SPH Website, April 10, 2013
DEOHS Graduate Student Cynthia Curl was named the 2013-14 SPH Magnuson Scholar for her research on pesticides, diet, and health effects.

Physical Activity Drops Over Time for Breast Cancer Survivors

Cancer Epidemiology, Biomarkers & Prevention, April 10, 2013
Most breast cancer survivors do not meet minimum recommendations for physical activity and their activity levels decline significantly after 10 years.

Alcohol Increases Risk of Breast Cancer but Helps Survivors Live Longer

The Seattle Times, April 8, 2013
While alcohol consumption is considered a risk for getting breast cancer, moderate drinking holds cardiovascular benefits that can increase longevity for the cancer survivors, says a new study led by Polly Newcomb.

Explore Global Health through the Arts during Global Health Week

UW Today, April 4, 2013
The intersection of global health and the arts – dance, photography, cinema, theater and music – will be explored at the UW as part of Global Health Week April 15 - 20.

Washington's Medicaid Expansion to Yield Net Benefit

International Examiner, April 3, 2013
Health policy experts like Susan Allan expect that the Medicaid expansion will save the state money, since the federal government will pick up the tab on new enrollees.

Maternal Morbidity, a new Problem in Rural India

Deccan Herald, April 3, 2013
Rapid rollout of institutional child delivery in the last five years without adequate trained manpower in rural India has spawned a new problem of “maternal morbidity” in which women suffer from serious health consequences. Abhijit Das is quoted.

Recognizing Your Policy Power

Northwest Center for Public Health Practice News, April 3, 2013

Summer Institute faculty member Patricia Lichiello speaks about her 20 years of health policy work and why she is excited to help public health practitioners enhance their policy skills.

Pay What You Weigh to Fly

ABC News, April 2, 2013
Samoa Air has just become the world's first airline with pay-as-you-weigh pricing -- asking heavier passengers to fork over more money for their fares. Andy Dannenberg is quoted.

Epidemiologist Preetha Rajaraman ’94 examines why some people are more susceptible to brain cancer than others.

Reed Magazine, March 31, 2013
Epidemiologist Preetha Rajaraman (MS, Environmental Health, 1997) examines why some people are more susceptible to brain cancer than others.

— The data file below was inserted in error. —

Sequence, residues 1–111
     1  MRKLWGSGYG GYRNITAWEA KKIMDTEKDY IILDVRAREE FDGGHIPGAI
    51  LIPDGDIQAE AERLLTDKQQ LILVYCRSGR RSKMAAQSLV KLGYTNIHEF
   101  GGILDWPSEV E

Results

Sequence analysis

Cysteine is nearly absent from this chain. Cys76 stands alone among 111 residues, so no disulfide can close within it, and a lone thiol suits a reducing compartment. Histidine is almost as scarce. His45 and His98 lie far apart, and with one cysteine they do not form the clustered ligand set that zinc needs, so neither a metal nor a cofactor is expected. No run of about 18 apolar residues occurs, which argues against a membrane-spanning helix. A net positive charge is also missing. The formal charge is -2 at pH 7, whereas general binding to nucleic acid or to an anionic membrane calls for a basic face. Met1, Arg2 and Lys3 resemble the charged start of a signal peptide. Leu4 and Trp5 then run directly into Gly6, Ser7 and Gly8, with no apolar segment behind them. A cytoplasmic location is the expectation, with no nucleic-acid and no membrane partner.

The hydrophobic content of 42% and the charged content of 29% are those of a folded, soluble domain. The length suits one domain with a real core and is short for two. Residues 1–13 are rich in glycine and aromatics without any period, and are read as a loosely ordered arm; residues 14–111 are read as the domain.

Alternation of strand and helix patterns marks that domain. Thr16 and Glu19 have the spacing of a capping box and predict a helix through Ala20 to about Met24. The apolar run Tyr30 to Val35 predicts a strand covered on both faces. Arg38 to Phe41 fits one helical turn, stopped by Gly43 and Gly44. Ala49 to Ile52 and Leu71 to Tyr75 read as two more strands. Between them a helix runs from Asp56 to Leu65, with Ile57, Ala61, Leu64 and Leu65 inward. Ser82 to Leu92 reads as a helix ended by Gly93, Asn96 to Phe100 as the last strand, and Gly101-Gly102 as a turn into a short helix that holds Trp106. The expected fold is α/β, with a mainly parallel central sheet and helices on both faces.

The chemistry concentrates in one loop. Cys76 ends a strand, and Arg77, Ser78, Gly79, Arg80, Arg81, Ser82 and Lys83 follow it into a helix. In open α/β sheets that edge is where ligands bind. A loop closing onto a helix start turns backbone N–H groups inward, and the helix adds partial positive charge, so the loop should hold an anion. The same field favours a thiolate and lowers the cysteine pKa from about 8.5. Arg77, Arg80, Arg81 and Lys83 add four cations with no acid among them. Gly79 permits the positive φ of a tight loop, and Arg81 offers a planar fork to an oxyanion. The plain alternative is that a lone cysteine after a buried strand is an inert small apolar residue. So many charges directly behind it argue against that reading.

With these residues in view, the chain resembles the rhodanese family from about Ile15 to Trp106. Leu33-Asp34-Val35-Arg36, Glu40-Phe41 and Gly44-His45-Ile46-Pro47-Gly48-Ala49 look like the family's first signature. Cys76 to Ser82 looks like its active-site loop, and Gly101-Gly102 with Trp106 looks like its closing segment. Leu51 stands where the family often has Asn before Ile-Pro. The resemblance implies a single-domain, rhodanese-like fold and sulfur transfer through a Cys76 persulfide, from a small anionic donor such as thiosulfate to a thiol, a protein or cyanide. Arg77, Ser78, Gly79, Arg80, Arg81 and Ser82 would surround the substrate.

The King of Global Health

Humanosphere, March 29, 2013
In this podcast interview, Global Health Department Chair King Holmes describes the evolution of what we now call global health, how Seattle established its leadership and where it’s all headed.

Study: Duwamish Valley's Residents have Shorter Lives

Seattle Times, March 27, 2013
Some residents of the Duwamish Valley in south Seattle have more health problems than residents elsewhere in the city, an EPA-funded study finds. Bill Daniell is quoted.

Mammograms Every Two Years Best for Women 50-74

JAMA Internal Medicine, March 26, 2013
Women ages 50-74 who received a mammogram every two years rather than annually are not at increased risk of developing advanced breast cancer or large tumors.

Language Barrier puts Latina Breast Cancer Patients at Risk

KOMO 4 News, March 26, 2013
Researchers have found there are not enough Spanish-language resources available for Latina patients, which means it can take too long to diagnose breast cancer following a mammogram. Beti Thompson is quoted.

Study: Residents of Walkable Areas Don't Always Walk More

KPLU, March 25, 2013
A study in Seattle suggests people don't necessarily walk more just because they live in a walkable area. Brian Saelens is quoted.

Chiding Congress: Seattle First City to Fund Gun Violence Research

NBC News, March 22, 2013
Seattle is poised to become the first city in the nation to provide direct funding for research into the causes and effects of gun violence. Epidemiologist Frederick Rivara is quoted.